After all the mentions of RSM Tenon and the Administration of Challinors, the news that RSM Tenon themselves went through a pre-pack administration last week. They were sold to Baker Tilly – Telegraph story here.
To make the obvious point, an accountancy firm which has to restate its accounts is always going to be in trouble.
After all the comments about the problems facing the legal profession, accountants face some similar problems. Query whether growth by acquisition is always sensible, particularly if financed by debt.
News that Challinors’ PI caseload has been sold to SGI Law of Liverpool. So the people do not go with it, which I deal with elsewhere.
From the same Gazette report, news that Fentons is being taken over by Slater & Gordon (more detail here).
Apart from the further consolidation of the legal profession generally (and PI in particular) it illustrates that floating on the stock exchange may give advantages in terms of raising capital.
An interesting article from the Birmingham Post, quoting Johnathan Dudley of Crowe Clark Whitehill. This follows their annual Solicitors Benchmarking Survey. He rightly points out that when substantial and apparently successful firms, such as Challinors, crash, funders will be much more wary in advancing money. That does not just apply to banks, but also other creditors, many of which will be off the balance sheet.
Those of us who have been through a bank tightening its grip on the partners of a firm, or of suspending drawings, or indeed of the ructions of a mooted cash call, (Hill Dickinson seem to have managed it) know the pressures that this creates.
So this is a very good time to review cash management, funding requirements and income. And, yes, keep in contact with the bank, even if it is not comfortable. Think about your reaction to bad news from your staff – most partners want bad news early so that they can do something to rescue the situation. Why would a bank manager be different? Do not, above all, sail too close to the wind financially – we have seen the possible consequences.
In this instance we are talking of business resilience rather than the personal kind. Assess the risks your business faces, and the consequences of each risk. Some risks are quite likely, yet have a minor effect. Others are unlikely to happen, but the consequences can be devastating. Take action to reduce both kinds of risk, and plan how to deal with the aftermath. For example, if the office burns down, where will you relocate, how will you contact staff and clients?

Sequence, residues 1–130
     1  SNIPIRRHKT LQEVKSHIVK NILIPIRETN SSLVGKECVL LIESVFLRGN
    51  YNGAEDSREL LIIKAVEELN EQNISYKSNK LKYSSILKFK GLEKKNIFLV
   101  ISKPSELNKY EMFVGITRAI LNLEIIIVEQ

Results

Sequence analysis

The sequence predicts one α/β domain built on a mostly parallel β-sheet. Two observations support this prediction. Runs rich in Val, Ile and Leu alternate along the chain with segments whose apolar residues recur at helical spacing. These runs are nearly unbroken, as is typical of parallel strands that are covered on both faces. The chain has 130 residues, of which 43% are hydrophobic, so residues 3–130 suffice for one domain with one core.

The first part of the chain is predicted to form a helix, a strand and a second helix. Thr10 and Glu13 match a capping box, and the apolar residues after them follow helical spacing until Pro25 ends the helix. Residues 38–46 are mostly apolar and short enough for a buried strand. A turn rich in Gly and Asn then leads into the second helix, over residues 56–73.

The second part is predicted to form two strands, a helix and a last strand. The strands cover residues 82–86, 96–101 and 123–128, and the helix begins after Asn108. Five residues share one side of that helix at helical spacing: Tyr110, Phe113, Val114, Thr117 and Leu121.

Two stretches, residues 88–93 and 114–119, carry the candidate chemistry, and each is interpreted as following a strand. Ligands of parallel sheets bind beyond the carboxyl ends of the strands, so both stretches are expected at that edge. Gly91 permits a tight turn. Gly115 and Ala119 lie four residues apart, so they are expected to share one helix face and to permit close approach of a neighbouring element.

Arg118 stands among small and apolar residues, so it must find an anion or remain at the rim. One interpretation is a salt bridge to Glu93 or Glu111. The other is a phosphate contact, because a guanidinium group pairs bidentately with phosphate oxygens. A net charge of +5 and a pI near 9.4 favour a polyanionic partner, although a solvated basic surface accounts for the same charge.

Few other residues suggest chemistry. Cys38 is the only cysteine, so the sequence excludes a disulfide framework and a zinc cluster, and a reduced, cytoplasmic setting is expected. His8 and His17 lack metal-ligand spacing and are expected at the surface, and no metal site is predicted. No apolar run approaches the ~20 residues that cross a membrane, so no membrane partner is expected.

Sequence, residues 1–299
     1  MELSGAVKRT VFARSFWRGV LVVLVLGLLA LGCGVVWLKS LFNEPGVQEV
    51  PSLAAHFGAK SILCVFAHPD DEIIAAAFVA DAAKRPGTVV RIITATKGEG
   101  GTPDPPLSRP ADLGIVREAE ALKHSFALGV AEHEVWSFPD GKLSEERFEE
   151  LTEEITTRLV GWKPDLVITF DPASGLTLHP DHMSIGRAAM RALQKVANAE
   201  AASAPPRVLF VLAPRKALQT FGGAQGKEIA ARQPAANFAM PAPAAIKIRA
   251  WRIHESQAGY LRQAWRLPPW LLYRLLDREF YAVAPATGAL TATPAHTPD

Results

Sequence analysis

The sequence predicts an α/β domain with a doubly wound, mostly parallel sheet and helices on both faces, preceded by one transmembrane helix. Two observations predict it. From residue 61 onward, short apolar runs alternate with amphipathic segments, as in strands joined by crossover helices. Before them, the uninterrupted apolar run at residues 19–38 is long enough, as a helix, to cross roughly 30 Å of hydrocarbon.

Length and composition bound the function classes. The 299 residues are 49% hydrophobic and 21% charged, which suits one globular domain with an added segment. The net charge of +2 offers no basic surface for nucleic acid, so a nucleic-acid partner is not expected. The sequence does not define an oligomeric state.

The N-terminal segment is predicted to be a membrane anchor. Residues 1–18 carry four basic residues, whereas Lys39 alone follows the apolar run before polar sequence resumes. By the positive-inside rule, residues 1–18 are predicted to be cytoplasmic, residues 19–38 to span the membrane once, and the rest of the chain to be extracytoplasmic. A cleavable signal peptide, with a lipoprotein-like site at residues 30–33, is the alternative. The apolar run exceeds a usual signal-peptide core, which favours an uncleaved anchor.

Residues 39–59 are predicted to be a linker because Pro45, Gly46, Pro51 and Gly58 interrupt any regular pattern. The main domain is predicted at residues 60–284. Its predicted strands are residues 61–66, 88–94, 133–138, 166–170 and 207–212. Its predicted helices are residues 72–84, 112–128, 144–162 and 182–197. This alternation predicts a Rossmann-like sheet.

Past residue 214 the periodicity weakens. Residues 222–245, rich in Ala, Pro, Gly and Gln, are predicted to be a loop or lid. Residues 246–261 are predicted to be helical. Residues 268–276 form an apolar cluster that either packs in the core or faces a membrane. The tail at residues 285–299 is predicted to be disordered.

A short post is not the right place to go into detail, but bear in mind that we are potentially talking about business life and death.
For an example of how one company keeps going through crises, see here for the Waffle House approach.
News from the Lawyer that ex-client Dharmendar Khag has served senior partner Paul Griffiths with a bankruptcy petition. Details here.
There is a lot to be said for limited liability in the changing legal world. Watch this space.
Whatever the ins and outs of how Challinors reached its current position, it must be tough on the Partners at the moment.
I dealt with the effects on the staff here, and some of the same issues apply to the partners, for example stress, uncertainty, future commitments, and maintaining work and professional standards. The situation must make great demands on their resilience.
The first additional pressure is bankruptcy. Challinors, as I understand it, is a partnership, not a limited company nor a LLP. I am not insolvency expert, but in the absence of a valid Voluntary Arrangement, it looks to me that any debt persists, even if an administration order is made. The consequences for families, and future practice could be severe.
Secondly there are no allegations of financial misconduct, but the firm has apparently been reported to the SRA for professional misconduct. If that allegation is proved, then that potentially has consequences for the future career of whoever is responsible.
The Partners are taking advice from specialist advisors, and with a following wind I hope the major part of the practice can continue in some form, so that damage to clients and staff is limited. We wait and see. Back to uncertainty again.
When you have to borrow hundreds of thousands of pounds from clients to meet the VAT bill, it may ring alarm bells that cash flow is not what it should be.
If you are drifting towards insolvency, it is a truism that you should take action sooner rather than later, and not work on the basis that “something will turn up”.
Meanwhile buyers are still being sought for some or all of the firm, with or without some kind of administration.
Thoughts on the staff position at our sister blog.